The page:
The first thing you might notice is that there are lots of branches, but very few branch gateway nodes. Instead, the activity is provided with multiple outbound arrows. Each arrow corresponds to a way that the activity can be concluded. This is, quite literally, the choice of the person performing the activity. Take a look at “Reproduce Problem”. You can see quite clearly that the performer of this activity must identify one of four significant conclusions: “Reproduced”, “Cannot Reproduce”, “Known Solution”, or “Duplicate”. It is very easy to see where the process goes depending upon which choice is made. The process designer can draw this directly on the process, without having to write scripts and conditional statements that test variables and branch depending upon values that have been stored in the variables. I have more on this in the “Multiple Conclusion Controversy” below.
Second, you might noice that there are a lot of implied loops. The “Reproduce Problem” step may determine that the problem is not reproducible, so the activity for “Correct Report” is activiated. The customer support person will add additional details and then send it back to QA to “Reproduce Problem” again. If QA still can not reproduce the problem they might again send it to the “Correct Report” problem. It could be passed back and forth between these people any number of times. In reality of course these are people performing the activities, so if it goes too many times they are likely to take steps to find out why it is taking so many step, or possibly to escalate to management. A similar loop exists between QA and Development when they don’t actually fix the right problem. Each of these loops represent a kind of “Quality Circle” where people are performing checks, and sending it back if not found acceptable. It is an easy way to model this fairly natural interaction between people.
Every activity is a facilitated human activity. This diagram is useful to explain to a customer support person, what other people will be doing in response to a customer issue. This diagram help people understand who else will be involved in response to particular decisions, such as whether the problem is reproducible or not. We can assume that there are also other automated computations, calculations, service requests, etc. involved in the process, but displaying them on this chart would make it more cluttered and harder to read, and therefor less useful for training people for how they are going to interact. Some people, though, will point out that this process is not “complete” because it does not include all the automated activities.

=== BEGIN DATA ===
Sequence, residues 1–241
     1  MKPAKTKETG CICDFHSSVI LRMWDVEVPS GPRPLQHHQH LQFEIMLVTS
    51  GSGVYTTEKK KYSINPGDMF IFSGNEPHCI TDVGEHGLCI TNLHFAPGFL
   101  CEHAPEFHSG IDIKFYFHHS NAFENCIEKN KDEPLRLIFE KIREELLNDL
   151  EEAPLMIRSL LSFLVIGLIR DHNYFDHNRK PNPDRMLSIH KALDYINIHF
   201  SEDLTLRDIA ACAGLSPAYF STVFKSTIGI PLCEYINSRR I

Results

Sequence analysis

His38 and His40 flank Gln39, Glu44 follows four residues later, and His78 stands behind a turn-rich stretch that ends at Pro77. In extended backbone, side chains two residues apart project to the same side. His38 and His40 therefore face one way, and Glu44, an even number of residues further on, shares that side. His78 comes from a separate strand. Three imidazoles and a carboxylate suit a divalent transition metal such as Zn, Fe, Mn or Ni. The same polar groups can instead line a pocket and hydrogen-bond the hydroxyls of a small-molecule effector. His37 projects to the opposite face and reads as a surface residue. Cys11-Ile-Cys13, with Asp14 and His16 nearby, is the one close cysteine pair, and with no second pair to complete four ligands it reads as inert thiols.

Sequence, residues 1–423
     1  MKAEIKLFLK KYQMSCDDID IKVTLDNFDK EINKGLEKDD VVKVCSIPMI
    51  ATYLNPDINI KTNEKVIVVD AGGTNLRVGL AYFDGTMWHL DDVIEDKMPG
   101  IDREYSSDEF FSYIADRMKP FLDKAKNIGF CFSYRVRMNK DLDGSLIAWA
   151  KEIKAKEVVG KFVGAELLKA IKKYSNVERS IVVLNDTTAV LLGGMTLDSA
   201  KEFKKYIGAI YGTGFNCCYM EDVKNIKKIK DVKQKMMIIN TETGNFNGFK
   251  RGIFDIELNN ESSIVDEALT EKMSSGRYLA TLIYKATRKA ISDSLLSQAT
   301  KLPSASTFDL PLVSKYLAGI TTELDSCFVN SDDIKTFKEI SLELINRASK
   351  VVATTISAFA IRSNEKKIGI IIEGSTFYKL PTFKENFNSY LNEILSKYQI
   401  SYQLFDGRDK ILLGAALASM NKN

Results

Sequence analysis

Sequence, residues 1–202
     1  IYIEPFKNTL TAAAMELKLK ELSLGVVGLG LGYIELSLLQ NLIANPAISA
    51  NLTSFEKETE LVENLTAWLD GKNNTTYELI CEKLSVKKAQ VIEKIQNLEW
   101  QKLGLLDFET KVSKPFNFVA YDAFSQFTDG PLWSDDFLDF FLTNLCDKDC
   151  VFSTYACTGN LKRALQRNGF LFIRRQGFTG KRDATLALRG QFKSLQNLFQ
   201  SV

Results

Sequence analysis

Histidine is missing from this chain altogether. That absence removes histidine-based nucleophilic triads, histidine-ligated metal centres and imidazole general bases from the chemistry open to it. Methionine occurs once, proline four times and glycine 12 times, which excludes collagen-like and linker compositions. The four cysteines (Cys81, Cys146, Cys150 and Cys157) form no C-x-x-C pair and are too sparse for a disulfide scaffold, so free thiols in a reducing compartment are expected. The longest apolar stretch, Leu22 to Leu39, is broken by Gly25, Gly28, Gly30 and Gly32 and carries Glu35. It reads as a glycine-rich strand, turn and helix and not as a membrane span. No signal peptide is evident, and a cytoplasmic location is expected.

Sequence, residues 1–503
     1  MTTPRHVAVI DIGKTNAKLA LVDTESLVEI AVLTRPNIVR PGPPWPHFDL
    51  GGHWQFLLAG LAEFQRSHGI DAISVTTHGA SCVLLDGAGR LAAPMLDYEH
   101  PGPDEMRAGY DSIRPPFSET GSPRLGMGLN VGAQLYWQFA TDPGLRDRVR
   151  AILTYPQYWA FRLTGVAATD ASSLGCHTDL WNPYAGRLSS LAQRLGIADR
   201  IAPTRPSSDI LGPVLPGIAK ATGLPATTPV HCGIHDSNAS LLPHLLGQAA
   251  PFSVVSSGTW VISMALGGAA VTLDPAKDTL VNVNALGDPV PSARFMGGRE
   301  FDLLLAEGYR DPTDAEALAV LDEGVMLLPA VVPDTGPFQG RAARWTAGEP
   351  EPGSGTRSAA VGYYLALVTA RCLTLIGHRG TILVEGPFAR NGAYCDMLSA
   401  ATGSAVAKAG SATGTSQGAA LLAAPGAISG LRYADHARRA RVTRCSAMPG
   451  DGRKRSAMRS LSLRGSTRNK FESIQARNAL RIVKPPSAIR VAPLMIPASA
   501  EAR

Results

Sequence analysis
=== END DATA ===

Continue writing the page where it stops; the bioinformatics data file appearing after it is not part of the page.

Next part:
Multiple Conclusion Controversy
Let me address a comment that I often hear from people about BPMN processes who feel that “If a process has a branch, it should use an XOR gateway. It should not use two arrows coming out of an activity to branch.” This argument is based on the idea that activity nodes should be exclusively about performing actions, and gateways should be exclusively about the flow through a process.
The above Trouble Ticket process can be redrawn to use only XOR condition nodes to branch the process. It would look like this:
Compare this one (full size) with the original. There are three reasons why this is less satisfactory.
1. The diagram is more cluttered. Remember this is a simple process with only seven human activities. There are many business processes with many times this amount. The more nodes on the screen, the more visually cluttered it is, the harder to glance at and discern the meaning. The real question though is whether the addition of the XOR gateways actually makes the diagram more meaningful. Or the converse, if I remove the XOR gatways, how is the diagram less meaningful? The addition of the node (in my opinion) adds no extra value to the diagram
2. With the branch separated from the activity, it is far less clear why the process branches at this point. It could be because the human choice, or it could be anything else. You won’t know until you inspect the hidden metadata about the branch. Some branch nodes will the “data based” and some branch nodes will be “choice based” but that is not clear from the diagram. The “data based” branches must remain XOR gateways, but making the lines come straight from the activity make it entirely clear that the branch is because of the choice of the person performing the activity.